Massa is a town in northwestern Tuscany, located on the western slopes of the Apuan Alps, about 5 km from the Ligurian Sea. The city is overlooked by a hill on top of which stands the Malaspina castle, which dominates the surrounding plain. Although the archeological studies of the area have confirmed that Massa was already inhabited in the Paleolithic and Neolithic times, like other Tuscan towns, it is believed that the it has Roman origins, dating back roughly to the first centuries AD.
Its geographical position has allowed Massa to have a separate history in relation to other major cities in Tuscany. In fact, to be practically on the border between Liguria and Emilia Romagna, and shielded from the direct influence of Florence for the interposition at south of Lucca, has meant that Massa has escaped - in the Renaissance - the attraction exerted by the Seignory of the Medici Family. Massa, until about the mid-fifteenth century, first met the leadership of the Duchy of Modena and Obertenghi family, then several times the domain of Pisa, Lucca and also Florence for a short period. The Malaspina family, took over Massa in 1442, with the Marquis Alberic I.
The era of major development is marked by the figure of Alberico Cybo, the son of Lorenzo Cybo and Ricciarda Malaspina that, since 1553, using local resources, first of all the marble quarries of the Apuan Alps, found the quarry of "Mass Cybea" which today is the old town of Massa. After the French Revolution, the early nineteenth century was marked by the Napoleonic government of the Principality of Lucca led by Elisa Baciocchi, which caused a major urban transformation of the city center, starting from the demolition of the church of San Pietro.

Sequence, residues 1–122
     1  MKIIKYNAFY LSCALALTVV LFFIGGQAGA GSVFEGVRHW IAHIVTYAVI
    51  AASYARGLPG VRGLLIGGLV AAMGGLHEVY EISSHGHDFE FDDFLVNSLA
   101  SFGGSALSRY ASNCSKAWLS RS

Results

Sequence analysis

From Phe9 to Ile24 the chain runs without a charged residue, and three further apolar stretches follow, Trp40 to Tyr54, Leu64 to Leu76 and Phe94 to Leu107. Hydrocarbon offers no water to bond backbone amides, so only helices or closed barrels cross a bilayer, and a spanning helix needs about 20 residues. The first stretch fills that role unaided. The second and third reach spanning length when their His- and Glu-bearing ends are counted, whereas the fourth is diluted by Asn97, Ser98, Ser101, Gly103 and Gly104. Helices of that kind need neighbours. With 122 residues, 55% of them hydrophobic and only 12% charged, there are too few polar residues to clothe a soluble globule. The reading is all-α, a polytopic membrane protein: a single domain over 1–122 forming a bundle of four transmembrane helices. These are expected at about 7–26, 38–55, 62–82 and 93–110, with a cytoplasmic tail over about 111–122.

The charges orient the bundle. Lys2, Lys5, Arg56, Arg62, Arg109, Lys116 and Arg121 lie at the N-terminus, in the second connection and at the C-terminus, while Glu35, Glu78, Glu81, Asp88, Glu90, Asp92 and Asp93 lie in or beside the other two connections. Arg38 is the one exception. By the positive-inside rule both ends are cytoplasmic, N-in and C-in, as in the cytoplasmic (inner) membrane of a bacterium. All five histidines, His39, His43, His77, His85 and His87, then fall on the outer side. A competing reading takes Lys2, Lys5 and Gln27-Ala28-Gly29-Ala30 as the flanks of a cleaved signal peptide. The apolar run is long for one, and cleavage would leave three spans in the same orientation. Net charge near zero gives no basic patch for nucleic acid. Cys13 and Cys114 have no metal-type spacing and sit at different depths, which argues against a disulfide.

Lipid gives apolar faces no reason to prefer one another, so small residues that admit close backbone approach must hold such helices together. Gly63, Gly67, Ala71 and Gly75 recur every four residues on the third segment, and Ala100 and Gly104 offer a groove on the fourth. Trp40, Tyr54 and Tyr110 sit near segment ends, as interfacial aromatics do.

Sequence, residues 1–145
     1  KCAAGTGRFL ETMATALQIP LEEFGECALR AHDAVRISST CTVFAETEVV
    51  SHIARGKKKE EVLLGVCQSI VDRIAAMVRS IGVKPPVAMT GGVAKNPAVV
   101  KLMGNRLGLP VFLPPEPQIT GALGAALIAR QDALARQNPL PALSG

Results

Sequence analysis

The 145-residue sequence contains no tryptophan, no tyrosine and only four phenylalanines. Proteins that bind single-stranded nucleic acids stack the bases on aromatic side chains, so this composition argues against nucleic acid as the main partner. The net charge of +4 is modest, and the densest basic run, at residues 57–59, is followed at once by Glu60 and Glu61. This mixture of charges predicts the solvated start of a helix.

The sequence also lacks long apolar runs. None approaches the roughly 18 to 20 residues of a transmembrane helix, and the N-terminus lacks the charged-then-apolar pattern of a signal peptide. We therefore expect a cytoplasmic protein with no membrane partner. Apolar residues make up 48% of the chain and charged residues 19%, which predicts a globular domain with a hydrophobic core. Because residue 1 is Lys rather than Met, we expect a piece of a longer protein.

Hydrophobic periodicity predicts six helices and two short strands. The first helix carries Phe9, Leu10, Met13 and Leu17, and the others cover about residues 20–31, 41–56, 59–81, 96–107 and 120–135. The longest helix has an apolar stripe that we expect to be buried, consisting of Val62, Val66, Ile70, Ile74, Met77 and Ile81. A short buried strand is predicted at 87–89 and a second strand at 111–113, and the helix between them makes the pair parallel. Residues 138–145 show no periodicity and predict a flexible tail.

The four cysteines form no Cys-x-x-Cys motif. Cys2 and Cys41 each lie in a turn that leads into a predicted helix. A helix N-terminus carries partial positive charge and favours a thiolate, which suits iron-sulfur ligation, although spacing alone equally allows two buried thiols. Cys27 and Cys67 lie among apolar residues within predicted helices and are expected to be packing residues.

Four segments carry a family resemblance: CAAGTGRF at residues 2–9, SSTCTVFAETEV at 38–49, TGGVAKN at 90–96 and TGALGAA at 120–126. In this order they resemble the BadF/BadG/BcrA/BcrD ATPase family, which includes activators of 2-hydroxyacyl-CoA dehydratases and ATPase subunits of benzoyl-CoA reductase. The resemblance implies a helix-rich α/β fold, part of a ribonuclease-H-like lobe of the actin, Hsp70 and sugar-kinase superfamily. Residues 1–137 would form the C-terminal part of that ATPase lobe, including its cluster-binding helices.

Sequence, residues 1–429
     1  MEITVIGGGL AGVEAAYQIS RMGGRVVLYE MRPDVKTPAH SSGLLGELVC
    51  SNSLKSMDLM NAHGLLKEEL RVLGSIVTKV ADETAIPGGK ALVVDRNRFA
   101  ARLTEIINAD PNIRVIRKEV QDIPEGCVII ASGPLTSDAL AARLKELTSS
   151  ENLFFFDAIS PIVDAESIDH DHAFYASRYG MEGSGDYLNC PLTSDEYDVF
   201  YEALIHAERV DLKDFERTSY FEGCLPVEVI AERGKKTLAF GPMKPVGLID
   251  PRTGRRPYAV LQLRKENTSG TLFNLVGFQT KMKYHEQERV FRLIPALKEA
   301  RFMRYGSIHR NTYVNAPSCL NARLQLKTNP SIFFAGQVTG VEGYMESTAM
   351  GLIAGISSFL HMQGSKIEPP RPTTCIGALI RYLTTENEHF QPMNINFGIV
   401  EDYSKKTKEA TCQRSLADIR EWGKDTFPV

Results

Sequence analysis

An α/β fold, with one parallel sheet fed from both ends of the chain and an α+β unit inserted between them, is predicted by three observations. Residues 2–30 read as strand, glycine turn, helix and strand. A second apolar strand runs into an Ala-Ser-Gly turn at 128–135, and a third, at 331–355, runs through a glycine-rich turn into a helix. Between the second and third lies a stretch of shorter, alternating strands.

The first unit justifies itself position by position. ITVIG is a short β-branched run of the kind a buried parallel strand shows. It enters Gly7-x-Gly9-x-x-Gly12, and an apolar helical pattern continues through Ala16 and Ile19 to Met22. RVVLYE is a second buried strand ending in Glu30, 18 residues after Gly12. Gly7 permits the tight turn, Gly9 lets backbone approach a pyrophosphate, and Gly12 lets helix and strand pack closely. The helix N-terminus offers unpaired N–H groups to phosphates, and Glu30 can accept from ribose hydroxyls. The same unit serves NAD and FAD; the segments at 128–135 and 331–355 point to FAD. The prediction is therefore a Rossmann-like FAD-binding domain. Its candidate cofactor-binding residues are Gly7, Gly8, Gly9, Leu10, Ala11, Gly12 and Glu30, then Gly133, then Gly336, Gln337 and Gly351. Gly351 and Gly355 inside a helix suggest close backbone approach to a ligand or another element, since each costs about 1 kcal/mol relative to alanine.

Do not miss a visit to the Villa Malaspina. The most important part of the building was built by Charles I and consists of the Salone degli Svizzeri and the Cappella Ducale, with intact ceiling frescoes by Carlo Pellegrini. Teresa Pamphili, wife of Charles II, finished the building during the early 18th century and entrusted the front to Alessandro Bergamini. Inside the Palace, Bergamini created the Alcova of Duke Charles II, where he could enhance its full inspiration. You'll also notice the impressive rooms with frescoes by Stefano Lemmi, author of the friezes that adorn the Grotesque.
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